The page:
Local government key to transparency

Khyaati Acharya
Insights Newsletter
13 December, 2013

Following on from last week’s piece The costs of corruption, this Monday saw the release of Transparency International’s ambitious and highly anticipated Integrity Plus 2013: National Integrity Systems assessment (NIS).

The 374-page report provides detailed insights into the national “institutions, laws, procedures, practices and attitudes that encourage and support integrity in the exercise of power”. It focuses on 12 distinct branches of government, sectors or agencies that constitute the national integrity system, how they interact and how they contribute to transparency and accountability in New Zealand’s institutional arrangements.

New Zealand remains highly ranked against global indicators of transparency and quality of governance, but there are still a number of risks and weaknesses.
Many of the weaknesses were highlighted a decade ago in Transparency International’s initial 2003 NIS report. Progress in these areas has been only very recent, insufficient or simply non-existent.
Weaknesses include the “relative dominance of the political executive, shortfalls in the transparency in many of the 12 branches and inadequate efforts to address, enhance and protect integrity in New Zealand”.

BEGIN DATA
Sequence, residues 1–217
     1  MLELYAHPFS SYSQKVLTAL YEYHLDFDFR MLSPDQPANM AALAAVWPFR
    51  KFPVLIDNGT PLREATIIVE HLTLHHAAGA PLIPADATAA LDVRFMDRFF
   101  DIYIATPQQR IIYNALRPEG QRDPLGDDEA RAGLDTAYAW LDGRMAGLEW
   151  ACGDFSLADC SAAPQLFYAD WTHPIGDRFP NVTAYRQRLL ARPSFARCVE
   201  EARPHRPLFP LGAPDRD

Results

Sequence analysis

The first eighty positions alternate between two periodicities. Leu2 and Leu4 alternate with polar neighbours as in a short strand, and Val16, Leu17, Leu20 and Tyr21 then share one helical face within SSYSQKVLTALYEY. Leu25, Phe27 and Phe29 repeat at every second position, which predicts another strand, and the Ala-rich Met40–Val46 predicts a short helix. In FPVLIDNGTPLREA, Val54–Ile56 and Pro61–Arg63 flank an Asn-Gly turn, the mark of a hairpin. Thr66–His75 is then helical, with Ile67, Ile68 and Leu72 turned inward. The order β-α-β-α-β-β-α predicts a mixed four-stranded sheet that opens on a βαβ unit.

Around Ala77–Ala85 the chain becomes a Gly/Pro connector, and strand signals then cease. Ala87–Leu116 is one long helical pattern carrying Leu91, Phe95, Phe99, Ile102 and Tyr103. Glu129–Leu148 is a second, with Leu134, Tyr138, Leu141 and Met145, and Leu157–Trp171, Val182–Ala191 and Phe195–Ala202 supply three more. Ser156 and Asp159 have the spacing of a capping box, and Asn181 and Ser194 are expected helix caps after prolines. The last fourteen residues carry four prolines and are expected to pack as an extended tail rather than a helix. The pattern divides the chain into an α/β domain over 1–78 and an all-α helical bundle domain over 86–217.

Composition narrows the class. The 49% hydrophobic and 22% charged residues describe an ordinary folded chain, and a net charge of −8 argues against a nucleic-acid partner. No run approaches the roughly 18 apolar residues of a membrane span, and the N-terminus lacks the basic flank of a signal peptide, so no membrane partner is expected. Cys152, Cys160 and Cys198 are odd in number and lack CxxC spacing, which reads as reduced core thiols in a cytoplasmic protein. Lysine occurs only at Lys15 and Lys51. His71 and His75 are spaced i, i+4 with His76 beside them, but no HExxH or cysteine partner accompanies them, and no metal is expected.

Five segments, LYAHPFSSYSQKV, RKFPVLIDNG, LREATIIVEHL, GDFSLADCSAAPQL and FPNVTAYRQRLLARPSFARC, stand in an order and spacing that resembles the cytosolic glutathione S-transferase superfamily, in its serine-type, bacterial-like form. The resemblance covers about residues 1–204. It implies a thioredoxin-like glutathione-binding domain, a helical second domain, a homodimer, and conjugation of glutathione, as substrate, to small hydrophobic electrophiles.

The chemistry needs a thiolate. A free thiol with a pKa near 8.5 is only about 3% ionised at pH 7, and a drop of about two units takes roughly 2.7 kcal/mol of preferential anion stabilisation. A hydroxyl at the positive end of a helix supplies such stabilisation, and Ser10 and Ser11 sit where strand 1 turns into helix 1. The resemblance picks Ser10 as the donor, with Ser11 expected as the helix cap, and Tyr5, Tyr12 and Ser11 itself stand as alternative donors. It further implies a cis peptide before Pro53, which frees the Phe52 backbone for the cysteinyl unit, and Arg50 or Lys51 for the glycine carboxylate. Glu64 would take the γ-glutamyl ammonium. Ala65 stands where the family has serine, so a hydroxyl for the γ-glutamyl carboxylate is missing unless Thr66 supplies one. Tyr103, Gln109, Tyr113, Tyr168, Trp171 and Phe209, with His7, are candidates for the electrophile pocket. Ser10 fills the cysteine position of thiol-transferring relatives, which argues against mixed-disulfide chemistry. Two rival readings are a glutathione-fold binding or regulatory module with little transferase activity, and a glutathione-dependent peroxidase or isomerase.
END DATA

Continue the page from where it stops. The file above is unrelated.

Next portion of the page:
However, an interesting new addition is the inclusion of an analysis of local government and its relationship with central government.

Local government can promote greater transparency through fairer, more efficient and more effective governance. Strengthening the role of democracy at a local level strengthens accountability.

This report emphasises that a key weakness and significant barrier to greater transparency is the interface between central and local government. In particular, there is concern over intervention by central government in the decision-making authority of local government.

An absence of constitutional protection of the powers of local government in New Zealand is also stressed as a critical weakness. While, arguably, local government has a considerable degree of independence, there are no entrenched constitutional provisions to protect that independence.

Furthermore, by international standards, local government in New Zealand not only has a narrow range of functions, but also accounts for a small percentage of public spending.

According to the report, local government receives, on average, only 9 per cent of central government operating revenue.

The report’s recommendations emphasise the need for a ‘more firmly embedded role for local government’. Greater devolution of power to local government is not of course the only means of reducing the risks of corruption at central government level, but it is an option that merits public debate. 

Pride in New Zealand’s ranking should be accompanied by vigilance and action, not complacency.

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